Here are some thoughts, based on my experience, about being a coach.
I realize it's not about technology, processes, and frameworks. It's not about teaching people how to do stuff, although it helps if you can show them a new way or help them find a solution. But that is not at all the most important thing about coaching people.
Coaching is about inspiring.
People are smart enough to study and find better ways of doing their work, but only if they are motivated to do so. Or if they realize they have a need and that they must create their own time for personal and professional growth.
My experience says that if you want to be a good coach, you need to inspire people.
Inspire so they feel motivated and eager to come to work.
Inspire so they feel worthy, useful.
Inspire so they feel eager to learn.
Inspire so they feel happy and have fun.
Inspire people to do and be better, to be all they can be, because that's all they need: inspiration. Just a little push. All the rest they can handle pretty well. And, oh boy, once inspired, you can't imagine the potential ahead of you!
And last, but not least: Inspire them to be empowered.
Empowerment -- not given but taken
Empowered people can change the world, or at least the things they touch. But empowerment is a tricky thing. Most people, maybe due to education or culture, think that empowerment in a business environment is something that must be given by someone having a position of power. Meaning, if you are a developer you feel like you can only be empowered if your line manager or technical lead says so in front of everyone else.
This is not true. This is not empowerment -- this is task attribution or delegation.
Life in an office is not that much different from life in . . . well, life. As such, empowerment is not given but rather taken (taken as in "assumed," not as in "steal from someone"). Once you put your mind to solve something in your personal life, there is no one who can stop you, just as there is no one who can actually give you the energy and willpower to do it, except you yourself.
It's the same in the office. You should not expect to be empowered, you should take the chance to change or do something and embrace the power and greatness of doing it. Take it, don't wait for it.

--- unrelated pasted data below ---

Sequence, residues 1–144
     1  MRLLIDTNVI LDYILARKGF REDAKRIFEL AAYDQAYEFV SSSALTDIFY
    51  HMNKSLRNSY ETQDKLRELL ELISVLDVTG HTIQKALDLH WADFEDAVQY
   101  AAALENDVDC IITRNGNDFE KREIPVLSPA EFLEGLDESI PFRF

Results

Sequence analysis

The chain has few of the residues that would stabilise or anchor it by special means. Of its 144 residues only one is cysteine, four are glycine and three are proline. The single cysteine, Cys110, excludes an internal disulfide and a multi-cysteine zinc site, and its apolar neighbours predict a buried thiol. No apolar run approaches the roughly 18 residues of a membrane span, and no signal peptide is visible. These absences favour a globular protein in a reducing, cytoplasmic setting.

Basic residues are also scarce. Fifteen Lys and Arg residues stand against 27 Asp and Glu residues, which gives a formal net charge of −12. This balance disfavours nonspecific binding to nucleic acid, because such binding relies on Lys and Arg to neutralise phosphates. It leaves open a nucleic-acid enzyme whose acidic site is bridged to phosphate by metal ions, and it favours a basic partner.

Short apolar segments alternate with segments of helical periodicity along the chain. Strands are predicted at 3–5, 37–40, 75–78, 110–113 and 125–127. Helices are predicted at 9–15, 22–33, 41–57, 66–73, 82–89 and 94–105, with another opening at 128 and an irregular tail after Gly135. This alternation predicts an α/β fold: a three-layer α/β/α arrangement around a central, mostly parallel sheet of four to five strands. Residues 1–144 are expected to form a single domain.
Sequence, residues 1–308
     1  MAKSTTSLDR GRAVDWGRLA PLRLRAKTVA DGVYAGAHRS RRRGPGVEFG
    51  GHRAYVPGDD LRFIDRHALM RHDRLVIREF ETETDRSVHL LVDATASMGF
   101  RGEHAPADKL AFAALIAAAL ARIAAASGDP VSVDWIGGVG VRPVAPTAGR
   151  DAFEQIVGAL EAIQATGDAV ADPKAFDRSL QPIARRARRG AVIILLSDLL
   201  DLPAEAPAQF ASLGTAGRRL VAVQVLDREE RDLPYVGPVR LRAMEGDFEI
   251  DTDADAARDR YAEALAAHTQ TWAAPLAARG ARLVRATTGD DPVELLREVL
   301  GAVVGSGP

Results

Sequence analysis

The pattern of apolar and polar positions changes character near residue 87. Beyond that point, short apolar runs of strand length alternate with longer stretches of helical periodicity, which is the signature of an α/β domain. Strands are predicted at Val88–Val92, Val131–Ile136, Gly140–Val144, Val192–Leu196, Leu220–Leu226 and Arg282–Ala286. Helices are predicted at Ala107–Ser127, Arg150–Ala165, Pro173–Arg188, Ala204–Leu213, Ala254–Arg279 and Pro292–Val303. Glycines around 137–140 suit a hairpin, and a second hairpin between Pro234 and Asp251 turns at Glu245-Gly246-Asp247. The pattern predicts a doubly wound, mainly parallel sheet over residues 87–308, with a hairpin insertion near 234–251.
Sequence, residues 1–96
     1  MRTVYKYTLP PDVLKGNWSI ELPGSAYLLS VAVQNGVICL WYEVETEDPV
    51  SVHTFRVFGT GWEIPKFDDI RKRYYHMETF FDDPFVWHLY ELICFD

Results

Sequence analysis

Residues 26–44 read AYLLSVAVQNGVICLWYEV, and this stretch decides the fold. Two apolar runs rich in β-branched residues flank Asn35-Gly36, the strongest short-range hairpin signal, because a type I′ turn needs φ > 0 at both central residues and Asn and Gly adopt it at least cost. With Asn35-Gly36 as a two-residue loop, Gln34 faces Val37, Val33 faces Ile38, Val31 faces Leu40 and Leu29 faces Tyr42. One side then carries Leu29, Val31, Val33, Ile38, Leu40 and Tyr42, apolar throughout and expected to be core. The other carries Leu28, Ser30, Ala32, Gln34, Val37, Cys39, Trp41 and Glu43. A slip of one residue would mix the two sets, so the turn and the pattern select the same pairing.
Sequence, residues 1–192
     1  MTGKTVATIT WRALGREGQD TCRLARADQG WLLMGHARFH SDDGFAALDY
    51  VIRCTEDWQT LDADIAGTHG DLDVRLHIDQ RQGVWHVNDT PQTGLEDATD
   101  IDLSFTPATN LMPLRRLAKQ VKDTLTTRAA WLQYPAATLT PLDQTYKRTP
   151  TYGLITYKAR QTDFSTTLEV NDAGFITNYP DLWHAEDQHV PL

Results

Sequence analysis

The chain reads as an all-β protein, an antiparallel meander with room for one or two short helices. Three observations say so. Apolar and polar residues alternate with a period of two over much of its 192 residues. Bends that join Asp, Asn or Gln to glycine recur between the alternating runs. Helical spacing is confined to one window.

Really powerful people are not placed in that position of power, they make it. They're the ones you recognize as leaders, the opposite of those you consider just fools with an illusion of power, the ones you comply with but whom you'll never follow wholeheartedly.
Gandhi was a powerful person. And he did not have any high position in the hierarchy of lawyers, he was not "Dr." or "PHD" or "MBA" Mr. Gandhi. He was powerful because he chose to be so, because he took every single chance to make the difference and change people's lives and/or mind-sets.
It’s up to you to be powerful. It’s up to you to be different and create for yourself your own path. If you choose to do so, then you might as well consider yourself a coach.
What about people who don't want to change?
Yes, they exist. Sometimes out of fear, sometimes envy, sometimes ignorance, but yeah, they are out there. You can bring knowledge to people, but only if they want to will they learn. And some, let's face it, just don't want to. And that is OK. If we were all alike and all inspired people, life would be boring and expectations too high.
So know when to give up. Some people don't want to change and they won't let you make them. Just go and use your energy somewhere else. You deserve it, as do all the others waiting for you to arrive and waiting for the chance to evolve with you.
Expectations are good, they drive you. They help you aim and they lead you there. But, on the other hand, expectations can also be a time bomb in your hands. I've always had problems managing both my temper and my expectations. I'm not a patient person, so it's difficult for me to contain my expectations at a sane level. On one hand, this is good because it helps me remain eager and open to growth and new experiments; on the other hand, it's a big problem because I may never be satisfied with what I've achieved.
So, my personal advice, coming from my own pain, is: Plan your expectations. For example, write them down on paper whenever you accept a new goal. Then, track them. Once you're done or the time is up, you'll know where you are and how far you are from your initial expectations.
Things will evolve and I hope you add more and more expectations to that plan of yours, but the point here is for you to be able to look down at that plan and know that your achievements are actually good. And if you're like me, it may feel like they are not -- but you'll know that this is only those big-mouth expectations talking, trying to trick you by overlooking what has been achieved.
I once read a sentence I never forgot, because it makes a lot of sense to my way of living. It read: "It's extremely arrogant and hypocrital to judge the past, having the advantage of being in the present."
This is how I always managed my expectations. I would judge what I did, but having as a basis my current mind-set. That is wrong. I should always fit the results into the expectations defined at the time and considering the situation when they were set.
I did that, but now I won't do it anymore. I learned, and now I know better.
Have a nice week, and, please . . . go make a difference in this little world of ours.